If your New Year’s resolutions include a commitment to be more charitable, consider donating some of your frequent flyer miles.
Many nonprofits have been double-whammied by the current economic meltdown. First, their endowments have shrunk as the stock market pulled back. And second, with unemployment soaring and no end to the recession in sight, individuals are less likely to make donations.
Frequent flyer miles won’t change the economic fundamentals, but they can assist worthy organizations in maintaining their operations during these challenging times. Depending on the organization, miles help by defraying travel expenses associated with daily operations, or helping needy individuals get to a site where charitable services are offered.
All larger airline programs allow their members to donate miles, which are either directed toward an organization specified by the member or allocated out at the airline’s discretion.
Alaska Airlines, for example, offers several donation options, including Hero Miles (transportation for members of the military injured in Iraq or Afghanistan), Make-a-Wish Foundation, and Medical Teams International. Or miles can be directed to the Alaska Airlines Charity Miles Pool, for dispersal to a revolving list of charities chosen by the airline.
Continental supports such organizations as the M.D. Anderson Cancer Center, the March of Dimes, Dream Foundation, AmeriCares, the American Red Cross, and others.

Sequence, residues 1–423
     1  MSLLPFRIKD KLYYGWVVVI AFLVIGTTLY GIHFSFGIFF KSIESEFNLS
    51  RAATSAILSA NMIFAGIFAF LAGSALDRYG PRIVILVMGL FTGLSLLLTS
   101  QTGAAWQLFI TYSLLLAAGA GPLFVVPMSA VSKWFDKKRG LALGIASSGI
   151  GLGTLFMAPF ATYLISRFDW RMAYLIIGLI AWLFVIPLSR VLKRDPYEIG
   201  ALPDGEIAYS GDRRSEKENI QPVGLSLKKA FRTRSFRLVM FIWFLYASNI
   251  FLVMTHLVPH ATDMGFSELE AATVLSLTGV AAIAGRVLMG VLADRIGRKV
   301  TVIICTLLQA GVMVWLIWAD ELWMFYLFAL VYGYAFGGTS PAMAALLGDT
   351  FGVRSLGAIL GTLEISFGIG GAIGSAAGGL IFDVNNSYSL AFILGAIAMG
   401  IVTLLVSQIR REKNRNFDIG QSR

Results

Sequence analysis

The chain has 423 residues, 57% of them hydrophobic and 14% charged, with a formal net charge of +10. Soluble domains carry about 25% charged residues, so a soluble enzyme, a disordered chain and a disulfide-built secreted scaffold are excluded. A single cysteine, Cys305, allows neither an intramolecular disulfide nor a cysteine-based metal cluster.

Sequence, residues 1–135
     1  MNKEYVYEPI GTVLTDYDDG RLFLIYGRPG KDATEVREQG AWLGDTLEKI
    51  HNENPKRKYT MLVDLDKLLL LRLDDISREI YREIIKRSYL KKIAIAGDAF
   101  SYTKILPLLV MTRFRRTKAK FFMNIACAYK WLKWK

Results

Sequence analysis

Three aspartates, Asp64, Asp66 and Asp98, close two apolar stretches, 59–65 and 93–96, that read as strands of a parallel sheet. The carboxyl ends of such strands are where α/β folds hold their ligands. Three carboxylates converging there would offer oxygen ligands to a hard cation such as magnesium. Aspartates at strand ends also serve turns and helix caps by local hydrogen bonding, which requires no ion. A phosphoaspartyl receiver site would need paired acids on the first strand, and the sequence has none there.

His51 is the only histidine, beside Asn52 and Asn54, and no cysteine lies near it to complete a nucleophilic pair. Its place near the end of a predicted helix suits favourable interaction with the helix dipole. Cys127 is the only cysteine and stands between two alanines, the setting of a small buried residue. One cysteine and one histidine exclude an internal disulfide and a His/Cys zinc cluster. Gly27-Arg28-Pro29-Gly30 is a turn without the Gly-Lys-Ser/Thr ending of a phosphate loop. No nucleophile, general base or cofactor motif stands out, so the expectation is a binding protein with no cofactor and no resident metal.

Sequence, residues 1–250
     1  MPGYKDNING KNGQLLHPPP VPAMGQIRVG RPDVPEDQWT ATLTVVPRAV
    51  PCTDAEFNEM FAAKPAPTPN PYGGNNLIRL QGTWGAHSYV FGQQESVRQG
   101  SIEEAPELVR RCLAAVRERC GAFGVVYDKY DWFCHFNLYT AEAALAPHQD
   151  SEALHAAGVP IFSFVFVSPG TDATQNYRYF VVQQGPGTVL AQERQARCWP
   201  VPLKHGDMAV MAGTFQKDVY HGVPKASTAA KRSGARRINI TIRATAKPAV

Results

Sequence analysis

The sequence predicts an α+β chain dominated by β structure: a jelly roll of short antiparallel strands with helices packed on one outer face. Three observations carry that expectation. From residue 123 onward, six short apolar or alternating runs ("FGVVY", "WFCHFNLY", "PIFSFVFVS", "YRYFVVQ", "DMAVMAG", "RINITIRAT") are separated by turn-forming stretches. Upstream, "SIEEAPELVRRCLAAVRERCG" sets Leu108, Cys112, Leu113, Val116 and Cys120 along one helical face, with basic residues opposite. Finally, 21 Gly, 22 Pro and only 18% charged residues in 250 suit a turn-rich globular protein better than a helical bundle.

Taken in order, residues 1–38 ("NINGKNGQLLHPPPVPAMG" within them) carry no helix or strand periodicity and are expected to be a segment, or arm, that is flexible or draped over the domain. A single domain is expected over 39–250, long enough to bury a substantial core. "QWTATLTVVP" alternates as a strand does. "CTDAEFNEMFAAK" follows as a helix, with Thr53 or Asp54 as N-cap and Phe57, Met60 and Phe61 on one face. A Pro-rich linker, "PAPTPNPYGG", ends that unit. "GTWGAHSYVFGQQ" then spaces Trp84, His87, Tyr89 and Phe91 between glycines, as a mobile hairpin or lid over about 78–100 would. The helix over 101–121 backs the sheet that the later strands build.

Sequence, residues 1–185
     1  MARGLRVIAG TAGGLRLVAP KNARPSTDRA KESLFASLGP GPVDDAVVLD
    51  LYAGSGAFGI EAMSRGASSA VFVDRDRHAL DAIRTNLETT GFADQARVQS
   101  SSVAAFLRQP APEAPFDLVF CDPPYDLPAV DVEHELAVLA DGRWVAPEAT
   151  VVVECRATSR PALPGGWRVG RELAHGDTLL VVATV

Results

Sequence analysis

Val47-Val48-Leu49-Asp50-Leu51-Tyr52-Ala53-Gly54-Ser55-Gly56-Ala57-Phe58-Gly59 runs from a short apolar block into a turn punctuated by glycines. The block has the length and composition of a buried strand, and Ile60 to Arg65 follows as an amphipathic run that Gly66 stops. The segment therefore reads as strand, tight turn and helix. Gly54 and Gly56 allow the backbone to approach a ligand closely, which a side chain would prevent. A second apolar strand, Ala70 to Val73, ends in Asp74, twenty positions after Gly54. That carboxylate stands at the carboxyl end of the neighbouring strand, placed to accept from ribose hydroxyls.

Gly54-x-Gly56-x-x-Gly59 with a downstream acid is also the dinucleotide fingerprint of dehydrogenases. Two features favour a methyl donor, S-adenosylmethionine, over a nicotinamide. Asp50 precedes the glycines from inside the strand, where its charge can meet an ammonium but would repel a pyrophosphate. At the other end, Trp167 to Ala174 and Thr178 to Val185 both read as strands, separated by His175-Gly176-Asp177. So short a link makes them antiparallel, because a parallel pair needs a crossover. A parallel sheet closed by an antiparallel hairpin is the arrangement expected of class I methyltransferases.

And Northwest’s AirCares program supports more than 30 charities.
If doing good isn’t reward enough, airlines or their charity partners periodically offer extra incentives for donations.
Through January 31, for instance, members of American’s AAdvantage program can earn two miles for every $1 they donate to the U.S. Fund for UNICEF.
And United recently offered to send teddy bears to cancer patients for every $50 or 7,500 Mileage Plus miles donated to the American Cancer Society. (By December 29, over 52 million miles and $110,000 had been collected, and they had run out of teddy bears. Donations are still being accepted through January 31 however.)
Note that mileage donations are not tax-deductible, the IRS having deemed that it’s simply too difficult to place a stable value on frequent flyer miles. But today, those miles are more valuable than ever for non-profits struggling to continue their good works.
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